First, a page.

A Golden Afternoon

Alice was beginning to get very tired of sitting by her sister on the bank, and of having nothing to do; once or twice she had peeped into the book her sister was reading, but it had no pictures or conversations in it,
"and what is the use of a book," thought Alice, "without pictures or conversations?"
So she was considering, in her own mind whether the pleasure of making a daisy chain
would be worth the trouble of getting up and picking the dasies.

-Down the Rabbit Hole from Alice in Wonderland by Lewis Carrol-


Suddenly she came upon a little three-legged table, all made of solid glass: there was nothing on it but a key.

-Down the Rabbit Hole from Alice in Wonderland by Lewis Carrol-

"Chesire-puss," Alice began, "would you tell me, please, which way I ought to go from here?" 
"That depends a great deal on where you want to get to," said the Cat.
"I don't much care where-" said Alice.
"Then it doesn't matter which way you go."
"-so long as I get somewhere," Alice added as an explanation.

-Pig & Pepper from Alice in Wonderland by Lewis Carrol-


"The first thing I've got to do," said Alice to herself, "is to grow to my right size again." It sounded an excellent plan, no doubt, and very neatly and simply arranged: the only difficulty was, that she had not the smallest idea how to set about it; and, while she was peering about anxiousy among the trees, a sharp little bark just over her head made her look up in a great hurry.
An enormous puppy was looking down at her with large round eyes and feebly stretching out one paw, trying to touch her. "Poor little thing!" said Alice, in a coaxing tone.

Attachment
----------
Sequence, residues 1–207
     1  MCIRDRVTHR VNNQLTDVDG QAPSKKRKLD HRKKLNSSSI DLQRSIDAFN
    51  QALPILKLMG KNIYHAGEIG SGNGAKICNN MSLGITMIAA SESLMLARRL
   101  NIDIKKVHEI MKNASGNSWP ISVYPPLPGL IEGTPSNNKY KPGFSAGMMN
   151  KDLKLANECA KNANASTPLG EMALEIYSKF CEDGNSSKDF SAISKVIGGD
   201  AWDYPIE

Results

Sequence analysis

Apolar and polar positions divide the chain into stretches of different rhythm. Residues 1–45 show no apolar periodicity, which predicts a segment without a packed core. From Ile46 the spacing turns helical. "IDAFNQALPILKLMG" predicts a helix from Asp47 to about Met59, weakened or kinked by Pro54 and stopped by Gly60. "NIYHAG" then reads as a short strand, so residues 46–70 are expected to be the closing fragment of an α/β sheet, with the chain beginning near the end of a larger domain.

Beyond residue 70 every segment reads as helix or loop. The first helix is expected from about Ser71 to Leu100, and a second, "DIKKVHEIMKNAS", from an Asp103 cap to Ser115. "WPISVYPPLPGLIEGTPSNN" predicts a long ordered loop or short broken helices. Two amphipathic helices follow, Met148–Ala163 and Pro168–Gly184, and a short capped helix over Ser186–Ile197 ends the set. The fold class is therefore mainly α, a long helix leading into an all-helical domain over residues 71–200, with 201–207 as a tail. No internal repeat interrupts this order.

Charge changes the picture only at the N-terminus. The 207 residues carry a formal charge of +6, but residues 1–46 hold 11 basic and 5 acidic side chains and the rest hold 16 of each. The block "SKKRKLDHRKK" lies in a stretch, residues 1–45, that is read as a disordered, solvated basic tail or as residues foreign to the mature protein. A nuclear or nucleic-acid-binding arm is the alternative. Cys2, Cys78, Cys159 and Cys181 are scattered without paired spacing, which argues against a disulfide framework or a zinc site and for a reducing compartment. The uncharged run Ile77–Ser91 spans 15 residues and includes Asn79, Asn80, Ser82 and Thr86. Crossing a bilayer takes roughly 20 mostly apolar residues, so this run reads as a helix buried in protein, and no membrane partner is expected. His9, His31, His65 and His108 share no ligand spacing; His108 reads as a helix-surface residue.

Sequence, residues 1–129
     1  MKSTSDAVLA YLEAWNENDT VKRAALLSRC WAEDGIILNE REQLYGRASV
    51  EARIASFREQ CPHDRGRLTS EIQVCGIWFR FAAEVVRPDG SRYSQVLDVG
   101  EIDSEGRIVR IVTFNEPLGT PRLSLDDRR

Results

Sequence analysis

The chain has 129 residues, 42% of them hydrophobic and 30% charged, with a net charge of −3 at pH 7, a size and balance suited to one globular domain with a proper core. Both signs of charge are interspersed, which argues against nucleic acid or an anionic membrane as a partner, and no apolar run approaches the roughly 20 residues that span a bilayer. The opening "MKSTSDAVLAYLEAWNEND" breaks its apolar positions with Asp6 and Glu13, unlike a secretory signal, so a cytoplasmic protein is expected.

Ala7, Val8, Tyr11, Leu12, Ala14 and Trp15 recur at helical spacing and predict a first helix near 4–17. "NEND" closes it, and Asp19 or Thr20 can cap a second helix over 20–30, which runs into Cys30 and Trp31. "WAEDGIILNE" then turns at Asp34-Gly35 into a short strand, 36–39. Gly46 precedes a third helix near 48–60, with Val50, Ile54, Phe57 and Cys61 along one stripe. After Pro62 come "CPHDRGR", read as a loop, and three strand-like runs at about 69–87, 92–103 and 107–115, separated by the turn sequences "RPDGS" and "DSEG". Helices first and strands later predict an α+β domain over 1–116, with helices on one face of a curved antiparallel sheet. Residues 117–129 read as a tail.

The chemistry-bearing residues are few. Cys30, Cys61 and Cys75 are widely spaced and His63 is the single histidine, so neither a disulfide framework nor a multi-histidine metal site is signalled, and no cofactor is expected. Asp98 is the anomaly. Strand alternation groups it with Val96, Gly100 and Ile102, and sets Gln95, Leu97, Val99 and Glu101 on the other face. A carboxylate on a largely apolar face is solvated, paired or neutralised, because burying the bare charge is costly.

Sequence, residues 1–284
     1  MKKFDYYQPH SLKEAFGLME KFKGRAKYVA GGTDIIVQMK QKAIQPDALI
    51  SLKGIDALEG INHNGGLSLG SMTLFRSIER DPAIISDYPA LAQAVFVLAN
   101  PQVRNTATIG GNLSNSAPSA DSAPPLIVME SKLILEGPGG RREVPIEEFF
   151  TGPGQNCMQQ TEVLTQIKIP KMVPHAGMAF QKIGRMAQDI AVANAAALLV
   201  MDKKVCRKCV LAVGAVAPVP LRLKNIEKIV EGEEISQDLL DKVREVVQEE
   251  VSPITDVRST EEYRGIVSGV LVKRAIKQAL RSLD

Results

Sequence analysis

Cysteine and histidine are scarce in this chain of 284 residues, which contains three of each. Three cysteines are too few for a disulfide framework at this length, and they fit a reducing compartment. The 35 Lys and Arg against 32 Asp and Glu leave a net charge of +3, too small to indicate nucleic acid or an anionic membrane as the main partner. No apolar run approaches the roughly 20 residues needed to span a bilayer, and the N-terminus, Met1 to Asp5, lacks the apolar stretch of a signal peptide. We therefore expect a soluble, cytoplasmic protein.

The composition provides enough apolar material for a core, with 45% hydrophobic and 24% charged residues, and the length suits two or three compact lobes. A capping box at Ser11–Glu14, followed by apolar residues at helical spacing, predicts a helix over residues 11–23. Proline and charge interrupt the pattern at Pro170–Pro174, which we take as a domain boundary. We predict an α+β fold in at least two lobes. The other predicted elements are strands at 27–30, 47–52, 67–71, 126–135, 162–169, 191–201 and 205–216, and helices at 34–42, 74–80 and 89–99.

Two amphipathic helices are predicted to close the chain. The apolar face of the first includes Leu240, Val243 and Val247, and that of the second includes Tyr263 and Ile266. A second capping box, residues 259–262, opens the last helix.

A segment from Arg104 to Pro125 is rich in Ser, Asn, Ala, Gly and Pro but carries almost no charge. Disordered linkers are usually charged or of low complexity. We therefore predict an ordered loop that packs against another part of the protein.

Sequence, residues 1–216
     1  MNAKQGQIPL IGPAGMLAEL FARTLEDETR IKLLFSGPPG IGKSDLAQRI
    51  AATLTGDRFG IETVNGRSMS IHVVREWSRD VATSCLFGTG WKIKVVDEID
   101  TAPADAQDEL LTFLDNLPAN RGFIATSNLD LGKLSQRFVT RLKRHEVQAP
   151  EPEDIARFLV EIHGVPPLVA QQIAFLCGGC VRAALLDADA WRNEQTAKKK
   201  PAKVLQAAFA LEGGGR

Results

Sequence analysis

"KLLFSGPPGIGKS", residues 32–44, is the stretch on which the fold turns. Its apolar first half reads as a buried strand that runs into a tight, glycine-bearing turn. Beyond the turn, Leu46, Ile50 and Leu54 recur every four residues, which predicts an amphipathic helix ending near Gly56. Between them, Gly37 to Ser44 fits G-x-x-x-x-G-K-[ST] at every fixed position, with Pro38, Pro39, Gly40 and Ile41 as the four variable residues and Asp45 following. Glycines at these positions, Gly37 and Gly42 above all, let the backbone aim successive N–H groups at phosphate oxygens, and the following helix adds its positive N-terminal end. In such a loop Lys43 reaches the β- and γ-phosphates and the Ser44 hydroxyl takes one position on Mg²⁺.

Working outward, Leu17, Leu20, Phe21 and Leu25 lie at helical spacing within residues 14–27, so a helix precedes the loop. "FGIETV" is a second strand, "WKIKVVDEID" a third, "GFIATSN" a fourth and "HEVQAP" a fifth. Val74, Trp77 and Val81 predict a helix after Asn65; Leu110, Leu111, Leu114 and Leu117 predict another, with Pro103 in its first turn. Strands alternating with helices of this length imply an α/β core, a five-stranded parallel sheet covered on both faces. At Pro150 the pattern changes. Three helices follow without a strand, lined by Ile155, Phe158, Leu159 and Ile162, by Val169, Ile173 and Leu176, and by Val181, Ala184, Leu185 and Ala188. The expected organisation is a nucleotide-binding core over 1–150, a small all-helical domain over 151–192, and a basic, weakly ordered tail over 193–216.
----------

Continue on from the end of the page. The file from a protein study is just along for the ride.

Hardly knowing what she did, she picked up a little bit of stick, and held it out to the puppy: whereupon the puppy jumped into the air off all its feet at once, with a yelp of delight, and rushed at the stick, and made belive to worry it: then Alice dodged behind a great thistle, to keep herself from being run over.
"And what a dear little puppy it was!" Said Alice. "I should have liked teaching it tricks very much."

-The Rabbit Sends a Little Bill from Alice in Wonderland by Lewis Carrol-


Alice came upon a large flowerbed, with a border of dasies, and a willow tree growing in the middle.
"O Tiger-lily," said Alice, addressing herself to one that was waving about gracefully in the wind, "I wish you could talk."
"We can talk," said the Tiger-lily: "When there's anybody worth talking to."

-The Garden of Live Flowers from Through the Looking Glass by Lewis Carrol-

All in the golden afternoon
Full leisurely we glide;
For both our oars, with little skill,
By little arms are plied,
While little arms make vain pretence
Our wanderings to guide.


  1. Oh, my! You do make a lovely Alice. Your hair is dazzling. Thank you for sharing!

  2. How charming! And your casting is inspired - fat boy is totally cheshire cat-ish. Lovelovelove.

  3. P.S. you are adorable, by the way. Stop getting all old and cute, kid!